On Sun, 10 Sep 2017 06:47:47 -0700, Serra, Nick <[log in to unmask]> wrote:
> Hello everyone--I could use a little assistance.
> In the Appendix to Family Secrets: William Butler Yeats and His
> Relatives, William Murphy makes the rather startling claim "his works
> are studied by occult societies." I'm a bit floored by this. Is anyone
> aware of a group that actually uses A Vision's system in a pragmatic
> way, or the rituals for his Celtic Order? Long, long ago I wrote a
> short piece on A Vision for a publication affiliated with the Ordo
> Templi Orientis, but I never got so much as a word of correspondence
> back because of it. Likewise, I once heard about a neopagan group that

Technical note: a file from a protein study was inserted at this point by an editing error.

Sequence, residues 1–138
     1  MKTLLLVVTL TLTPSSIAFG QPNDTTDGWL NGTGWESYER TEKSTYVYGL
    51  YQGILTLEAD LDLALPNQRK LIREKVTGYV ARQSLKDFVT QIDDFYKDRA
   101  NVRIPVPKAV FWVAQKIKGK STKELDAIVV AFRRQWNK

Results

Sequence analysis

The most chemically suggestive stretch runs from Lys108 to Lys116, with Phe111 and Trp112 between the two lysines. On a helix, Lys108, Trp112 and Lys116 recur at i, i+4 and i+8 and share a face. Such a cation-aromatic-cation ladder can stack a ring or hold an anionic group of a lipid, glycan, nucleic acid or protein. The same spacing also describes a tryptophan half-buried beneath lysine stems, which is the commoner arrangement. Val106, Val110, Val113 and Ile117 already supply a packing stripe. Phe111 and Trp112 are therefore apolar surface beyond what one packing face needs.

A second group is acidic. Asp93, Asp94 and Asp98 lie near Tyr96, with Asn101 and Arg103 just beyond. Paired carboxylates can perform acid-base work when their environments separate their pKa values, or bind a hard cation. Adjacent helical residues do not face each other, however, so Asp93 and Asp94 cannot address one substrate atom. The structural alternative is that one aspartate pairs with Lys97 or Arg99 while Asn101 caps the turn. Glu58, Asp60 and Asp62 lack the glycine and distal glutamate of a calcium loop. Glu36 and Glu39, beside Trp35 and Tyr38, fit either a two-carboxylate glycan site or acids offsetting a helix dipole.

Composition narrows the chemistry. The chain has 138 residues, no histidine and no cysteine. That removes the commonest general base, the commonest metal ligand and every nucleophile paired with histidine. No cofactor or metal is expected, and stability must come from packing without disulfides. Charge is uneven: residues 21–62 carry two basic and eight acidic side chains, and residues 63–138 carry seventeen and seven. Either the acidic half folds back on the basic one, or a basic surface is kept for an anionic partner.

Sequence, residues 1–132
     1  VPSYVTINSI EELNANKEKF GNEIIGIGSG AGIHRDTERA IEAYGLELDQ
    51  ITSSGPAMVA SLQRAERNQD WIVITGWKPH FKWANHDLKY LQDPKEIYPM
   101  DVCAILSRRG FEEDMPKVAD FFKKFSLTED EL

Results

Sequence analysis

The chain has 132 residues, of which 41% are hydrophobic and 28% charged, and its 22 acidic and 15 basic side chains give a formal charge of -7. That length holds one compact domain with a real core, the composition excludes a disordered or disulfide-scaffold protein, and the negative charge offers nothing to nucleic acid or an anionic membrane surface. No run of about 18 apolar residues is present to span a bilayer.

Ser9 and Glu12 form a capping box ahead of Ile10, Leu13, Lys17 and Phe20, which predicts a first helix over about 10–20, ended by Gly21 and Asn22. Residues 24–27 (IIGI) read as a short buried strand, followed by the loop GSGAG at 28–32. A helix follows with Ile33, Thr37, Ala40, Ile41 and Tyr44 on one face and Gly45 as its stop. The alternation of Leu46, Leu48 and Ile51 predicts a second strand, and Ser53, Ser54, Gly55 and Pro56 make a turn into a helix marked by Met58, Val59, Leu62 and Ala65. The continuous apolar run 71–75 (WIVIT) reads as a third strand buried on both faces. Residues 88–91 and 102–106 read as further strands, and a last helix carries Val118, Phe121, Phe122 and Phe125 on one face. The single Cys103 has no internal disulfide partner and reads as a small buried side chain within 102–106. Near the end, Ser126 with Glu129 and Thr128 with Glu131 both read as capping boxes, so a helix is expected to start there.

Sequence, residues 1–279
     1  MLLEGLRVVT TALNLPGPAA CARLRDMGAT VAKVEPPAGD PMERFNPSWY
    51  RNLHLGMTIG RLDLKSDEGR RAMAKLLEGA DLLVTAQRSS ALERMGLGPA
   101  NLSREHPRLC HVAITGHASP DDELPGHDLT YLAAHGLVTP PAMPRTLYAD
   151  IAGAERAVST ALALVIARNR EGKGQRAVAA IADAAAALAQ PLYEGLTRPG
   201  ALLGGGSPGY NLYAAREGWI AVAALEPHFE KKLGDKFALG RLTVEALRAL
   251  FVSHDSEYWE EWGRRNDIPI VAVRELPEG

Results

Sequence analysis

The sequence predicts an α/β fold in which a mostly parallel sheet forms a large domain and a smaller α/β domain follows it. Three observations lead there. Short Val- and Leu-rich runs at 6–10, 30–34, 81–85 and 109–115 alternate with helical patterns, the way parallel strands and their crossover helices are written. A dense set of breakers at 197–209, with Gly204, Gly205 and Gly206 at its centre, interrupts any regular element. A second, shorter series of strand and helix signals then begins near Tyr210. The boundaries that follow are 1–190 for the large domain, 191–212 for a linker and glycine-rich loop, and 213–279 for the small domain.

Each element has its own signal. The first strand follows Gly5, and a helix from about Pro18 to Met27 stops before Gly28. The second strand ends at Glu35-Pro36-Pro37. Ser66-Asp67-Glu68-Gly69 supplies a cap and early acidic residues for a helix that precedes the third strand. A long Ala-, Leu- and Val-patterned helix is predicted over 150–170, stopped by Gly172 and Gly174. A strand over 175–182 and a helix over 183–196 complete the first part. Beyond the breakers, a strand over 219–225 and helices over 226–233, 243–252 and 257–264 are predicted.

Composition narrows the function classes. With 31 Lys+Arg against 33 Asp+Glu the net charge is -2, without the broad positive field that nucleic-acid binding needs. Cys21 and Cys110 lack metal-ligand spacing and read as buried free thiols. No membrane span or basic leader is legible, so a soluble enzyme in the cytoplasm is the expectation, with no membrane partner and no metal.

> purported to use what I assumed were Yeats's Celtic rituals back in the
> 1970s, but when I tracked it down, it didn't seem at all authentic.
> That's it for practitioners using Yeats.
In the post-WWII San Francisco Bay Area, Ella Young's Celtic derived
influence on the occult/creative/Bohemian scene was fairly well-known,
at least if things like this were something you cared to know. The
SF Bay area of that period celebrated its local celebrities as a sort
of Emperor Norton tradition--radio station KPFA included.
Growing up, I certainly knew of Young (and through her, Yeats) as part of
the regional occulture. But not details of the fellowship she sustained
or the rituals it performed. To me, at least, Yeats was a presence and an
inspiration for occultural exploration, but not a leader of a movement
in the region.
Musing Regional Occulture,
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